Patient Journey to Treatment for Pediatric AD


Brittany Craiglow, MD, and Angela J Lamb, MD, review a pediatric patient’s journey to diagnosis and treatment of AD.

Brittany Craiglow, MD: Let’s talk about a typical journey of a pediatric patient with atopic dermatitis. Who do you think is usually diagnosing these patients and then treating them? And are those people different?

Angela J. Lamb, MD: Most good pediatricians worth their stock can generally recognize most atopic dermatitis. Again, they may get off target a bit depending on what the patient’s symptoms look like. As we discussed earlier, if they’re missing some of the erythema, or it’s not in some of the classic places where they think of atopic dermatitis, they may say it’s an allergy or something like that. But in general, most pediatricians do a good job. Where they may do more referral to us is when they find that they’ve tried a low potency topical steroid and now they’re a bit stuck. They may not be as familiar with some of the nonsteroidal options or feel as comfortable stepping it up potency-wise with the steroids.

Brittany Craiglow, MD: I agree. A lot of kids with mild disease are managed by their pediatrician, and are managed quite well. Access also has a lot to do with it. In a place where it’s not terribly hard to get in to see a dermatologist those patients are maybe referred earlier, but there are some places where it’s hard. Pediatricians are having to do more of the heavy lifting. Let’s talk about the role of the pediatrician, and our role. When should a pediatrician say to their patient, “I think you might need to see a dermatologist”? What are those signs or flags that maybe the patient just needs to be presented with different options?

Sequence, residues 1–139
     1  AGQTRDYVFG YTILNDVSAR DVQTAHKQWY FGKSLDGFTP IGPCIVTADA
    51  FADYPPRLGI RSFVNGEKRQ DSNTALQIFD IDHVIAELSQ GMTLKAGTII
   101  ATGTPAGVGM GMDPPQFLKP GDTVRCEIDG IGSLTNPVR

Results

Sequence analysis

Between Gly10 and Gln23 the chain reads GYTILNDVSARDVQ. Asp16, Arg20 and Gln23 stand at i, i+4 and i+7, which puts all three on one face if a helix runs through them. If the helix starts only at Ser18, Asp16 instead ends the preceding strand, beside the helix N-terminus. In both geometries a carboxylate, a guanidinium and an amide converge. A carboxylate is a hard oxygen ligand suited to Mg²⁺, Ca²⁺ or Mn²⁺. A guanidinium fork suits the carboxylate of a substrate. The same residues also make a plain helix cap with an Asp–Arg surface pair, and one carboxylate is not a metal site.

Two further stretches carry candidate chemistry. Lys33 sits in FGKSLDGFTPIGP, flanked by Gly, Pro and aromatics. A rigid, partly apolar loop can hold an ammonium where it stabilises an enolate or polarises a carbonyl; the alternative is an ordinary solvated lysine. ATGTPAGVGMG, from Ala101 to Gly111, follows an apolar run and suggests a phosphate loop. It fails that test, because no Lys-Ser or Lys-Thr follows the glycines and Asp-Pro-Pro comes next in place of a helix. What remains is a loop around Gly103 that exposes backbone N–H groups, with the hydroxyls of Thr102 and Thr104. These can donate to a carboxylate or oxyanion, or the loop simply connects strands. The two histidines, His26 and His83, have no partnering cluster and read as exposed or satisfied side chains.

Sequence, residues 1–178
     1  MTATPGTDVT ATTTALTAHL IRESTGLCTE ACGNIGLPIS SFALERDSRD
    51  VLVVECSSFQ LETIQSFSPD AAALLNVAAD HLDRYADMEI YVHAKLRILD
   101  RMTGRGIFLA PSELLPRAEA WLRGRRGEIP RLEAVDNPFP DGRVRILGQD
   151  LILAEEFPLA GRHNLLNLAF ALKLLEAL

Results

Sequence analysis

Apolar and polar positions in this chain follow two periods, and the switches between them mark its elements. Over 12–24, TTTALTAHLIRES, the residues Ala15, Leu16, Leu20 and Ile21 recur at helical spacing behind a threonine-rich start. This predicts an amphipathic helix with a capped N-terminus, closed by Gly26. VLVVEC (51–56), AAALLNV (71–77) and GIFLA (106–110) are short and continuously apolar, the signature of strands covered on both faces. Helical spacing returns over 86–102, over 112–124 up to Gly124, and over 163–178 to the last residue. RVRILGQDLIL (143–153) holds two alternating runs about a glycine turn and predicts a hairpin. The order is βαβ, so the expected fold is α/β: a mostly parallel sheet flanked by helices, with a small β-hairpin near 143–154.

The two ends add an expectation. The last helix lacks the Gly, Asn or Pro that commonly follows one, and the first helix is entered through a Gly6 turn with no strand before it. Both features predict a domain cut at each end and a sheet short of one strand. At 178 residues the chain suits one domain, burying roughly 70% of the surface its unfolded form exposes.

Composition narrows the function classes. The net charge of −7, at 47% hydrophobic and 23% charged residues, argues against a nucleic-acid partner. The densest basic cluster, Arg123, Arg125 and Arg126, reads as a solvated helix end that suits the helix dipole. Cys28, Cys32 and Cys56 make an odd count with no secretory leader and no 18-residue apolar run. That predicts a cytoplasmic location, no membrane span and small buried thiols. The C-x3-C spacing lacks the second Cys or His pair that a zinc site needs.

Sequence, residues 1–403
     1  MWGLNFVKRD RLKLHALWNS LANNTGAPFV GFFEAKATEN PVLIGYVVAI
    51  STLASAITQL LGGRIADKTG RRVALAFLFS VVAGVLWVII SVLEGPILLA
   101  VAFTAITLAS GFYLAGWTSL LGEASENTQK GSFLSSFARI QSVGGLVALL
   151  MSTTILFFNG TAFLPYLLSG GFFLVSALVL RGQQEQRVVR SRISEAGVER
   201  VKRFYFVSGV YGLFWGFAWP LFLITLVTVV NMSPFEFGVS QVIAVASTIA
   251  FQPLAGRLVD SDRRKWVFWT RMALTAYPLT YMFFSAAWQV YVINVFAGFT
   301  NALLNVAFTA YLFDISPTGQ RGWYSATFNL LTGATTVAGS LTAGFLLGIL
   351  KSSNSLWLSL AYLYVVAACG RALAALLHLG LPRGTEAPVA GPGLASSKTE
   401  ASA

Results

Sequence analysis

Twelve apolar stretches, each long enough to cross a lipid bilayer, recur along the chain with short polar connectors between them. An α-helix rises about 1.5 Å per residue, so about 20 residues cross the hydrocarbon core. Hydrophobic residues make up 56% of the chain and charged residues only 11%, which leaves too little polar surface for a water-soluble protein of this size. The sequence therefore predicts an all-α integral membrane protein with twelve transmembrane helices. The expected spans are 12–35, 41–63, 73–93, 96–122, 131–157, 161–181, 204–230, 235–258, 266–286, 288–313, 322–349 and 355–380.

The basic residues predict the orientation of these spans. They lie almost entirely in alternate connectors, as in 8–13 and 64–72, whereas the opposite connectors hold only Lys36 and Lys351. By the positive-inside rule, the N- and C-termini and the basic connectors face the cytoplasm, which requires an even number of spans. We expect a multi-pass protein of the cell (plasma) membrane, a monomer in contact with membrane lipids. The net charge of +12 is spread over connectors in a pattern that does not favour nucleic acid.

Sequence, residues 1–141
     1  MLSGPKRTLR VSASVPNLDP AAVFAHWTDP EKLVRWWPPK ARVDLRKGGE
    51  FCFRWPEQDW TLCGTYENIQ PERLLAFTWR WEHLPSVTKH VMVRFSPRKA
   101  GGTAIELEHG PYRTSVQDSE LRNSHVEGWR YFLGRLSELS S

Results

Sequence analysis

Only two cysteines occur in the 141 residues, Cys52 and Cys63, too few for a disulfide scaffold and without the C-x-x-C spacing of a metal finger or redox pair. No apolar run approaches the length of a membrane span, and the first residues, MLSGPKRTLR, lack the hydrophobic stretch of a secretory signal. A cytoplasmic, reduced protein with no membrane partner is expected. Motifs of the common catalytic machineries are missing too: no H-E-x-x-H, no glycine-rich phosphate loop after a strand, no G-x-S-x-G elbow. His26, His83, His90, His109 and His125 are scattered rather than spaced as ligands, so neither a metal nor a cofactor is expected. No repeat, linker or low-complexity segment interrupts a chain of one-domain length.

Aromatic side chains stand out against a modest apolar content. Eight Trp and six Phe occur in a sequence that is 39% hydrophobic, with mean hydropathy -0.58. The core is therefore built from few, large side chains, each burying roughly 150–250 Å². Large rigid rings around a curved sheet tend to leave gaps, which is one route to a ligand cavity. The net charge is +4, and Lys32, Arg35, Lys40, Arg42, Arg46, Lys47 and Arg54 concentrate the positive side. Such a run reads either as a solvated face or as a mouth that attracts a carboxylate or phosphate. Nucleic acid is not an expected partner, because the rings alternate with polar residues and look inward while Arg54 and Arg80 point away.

Angela J. Lamb, MD: It’s important. Being a physician…I believe strongly, especially as medical director of our access center, in a multidisciplinary integrative approach. Again, mild atopic dermatitis, most pediatricians can handle. One of the main things that I think initiates that referral is when that patient needs a bit more time and needs somebody who has a bit more experience understanding just general skin hygiene and barrier protection, understanding which products to recommend, how to put them on. Do they understand the soak-and-smear strategy? Do they understand wet wraps and some of these more nuanced things that dermatologists are the experts in? Then, let’s say they do understand those things when they recommend them, and someone maybe is not as adherent as they’d like. Again, you’re in a pediatrician’s office, they’re managing your immunizations, and things like that. They don’t always have long written sheets like someone would receive in my office about how to take care of your skin with atopic dermatitis. Then it’s medication management. When medications are necessary, there’s a lot of information out there. For instance, for medium to high potency steroids, that you only use them a day or two, or things like that. They may not understand how to integrate some of the newer nonsteroidal treatments that are on the market, how to add them into the regimen, when to use them, which ones are appropriate. Those are the main things that I see that initiate those referrals.

Transcripts edited for clarity

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